Twelve hundred feet above sea level, 50 miles from the Pacific Ocean, behind the longest continuous mountain ridge in the US, Flowerdaze Farms’ buds bake in the October sun.
Staples like Key Lime Pie, Strawberry Cough, and Infinite Euphoria give off waves of aroma so thick you can nearly bite into them. Jacob Johnson, 32, the award-winning biodynamic farmer who oversees production here, breaks into a smile just talking about it.
“The resin production is especially phenomenal,” he said. “Everything is so frosty and the little trichomes are all engorged. This year, everything is super sticky and fragrant.”
Destined for stores in San Francisco, Sebastopol, and San Diego, Flowerdaze joins a historic bumper crop of outdoor-grown, full-season cannabis coming in from the fields across North America this fall.
A bumper crop amid a tumultuous year
Inside America’s weed heartland of Northern California, farmers report fragrant, chunky, mold-free produce reaching full potency in a (so far) rain-free October.
Powerhouse varietals like Purple Punch, Sunset Sherbert, Red Dragon, Do-Si-Dos, and Gorilla Glue will come to market by Christmas. Prices on the illegal market could stay near historic lows of $400-$500 per pound amid the market glut. That translates into about $50 per retail ounce.
This year’s superb harvest quality is good news for farmers, but it hasn’t decreased their stress level much. No season in history may prove as taxing as 2018 in Northern California, where price collapse plus the paperwork hassles of legalization triggered what some have called “extinction events.” The core growing region of the Emerald Triangle—Humboldt, Mendocino and Trinity counties—is reportedly experiencing “economic collapse.” According to some reports:
- Local hydroponics stores sales fell 70% this year in Mendocino County.
- Vacant business space runs block-wide in Garberville, CA.
- Humboldt County might have 30 times the average property listings, as folks dump homes.
“It’s so dramatic,” said Kym Kemp, an industry expert in southern Humboldt County. “Farmers I know are quitting, selling, and moving.”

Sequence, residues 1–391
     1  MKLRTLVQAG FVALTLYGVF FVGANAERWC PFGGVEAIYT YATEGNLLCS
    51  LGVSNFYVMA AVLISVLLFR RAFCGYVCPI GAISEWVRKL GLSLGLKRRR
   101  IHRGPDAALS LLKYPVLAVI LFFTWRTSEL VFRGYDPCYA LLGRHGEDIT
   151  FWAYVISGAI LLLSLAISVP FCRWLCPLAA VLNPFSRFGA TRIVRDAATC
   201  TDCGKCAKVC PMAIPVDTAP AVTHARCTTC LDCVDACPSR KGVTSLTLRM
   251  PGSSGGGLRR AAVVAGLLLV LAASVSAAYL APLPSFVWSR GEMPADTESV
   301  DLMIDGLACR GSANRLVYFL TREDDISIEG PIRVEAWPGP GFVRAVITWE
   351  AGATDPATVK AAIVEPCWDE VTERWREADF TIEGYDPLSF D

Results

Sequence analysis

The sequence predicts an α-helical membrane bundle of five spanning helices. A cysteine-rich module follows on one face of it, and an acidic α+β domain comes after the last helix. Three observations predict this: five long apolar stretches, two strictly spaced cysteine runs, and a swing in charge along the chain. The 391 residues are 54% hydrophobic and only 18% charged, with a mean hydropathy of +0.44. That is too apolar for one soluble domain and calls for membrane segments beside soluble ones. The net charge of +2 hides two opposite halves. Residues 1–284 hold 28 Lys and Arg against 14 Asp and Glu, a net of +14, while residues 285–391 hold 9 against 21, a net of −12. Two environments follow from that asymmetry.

This year's crop faces unprecedented testing.
Price Hits Rock Bottom
The end of cannabis prohibition promised extreme turbulence for the communities that profited from the old system. That turbulence has finally arrived.
Americans consume an estimated 6,000 metric tons of the crop across legal and illegal markets each year, most of it from Mexico. But California remains the nation’s number one domestic producer, and the Triangle is number one in California—good for an output of 1.7 million pounds per year.
Eighty years of cannabis prohibition warped the economy in the tri-county region. Natural market prices were inflated tenfold. Prohibition drove a need for secrecy that kept farms small and pushed cultivation into wildlands too remote to raid.
Prohibition prices peaked at more than $5,000 per pound in the late ’90s and early 2000s. Market normalization—prices are now in the $500-$1,500-per-pound range—can feel like economic calamity.
Today, nine states and Washington, DC, have legalized the adult use of cannabis. More than 30 states allow the legal use of medical marijuana. As prohibition’s risk recedes, so do the costs of growing legal cannabis.
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Swami Select Farms (David Downs/Leafly)
Regulations Pile On
The wholesale price of cannabis has been sliding for years. What made this year different was the mountain of red tape and a decision point for every farmer: Go legal, burrow further underground, or get out of the business entirely.
The permit process never seemed to end.
Farmers didn’t farm this year—they spent their days doing paperwork, said Stephen Dillon, founder of True Humboldt, in Humboldt County. Dillon went through the legalization process, and he’s dealt with Humboldt County, the state Bureau of Cannabis Control, Department of Fish and Wildlife, the Water Board, OSHA, unions, ADA compliance, workers’ comp, and so on, he told Leafly.
“The permit process never seemed to end,” he said. “It’s been harder than writing a thesis paper to finish college.”
“We went from zero regulations to something that’s federally illegal and being tightly regulated,” said Mark Shaffer, owner of Shelby Ridge Farms in Comptche, CA.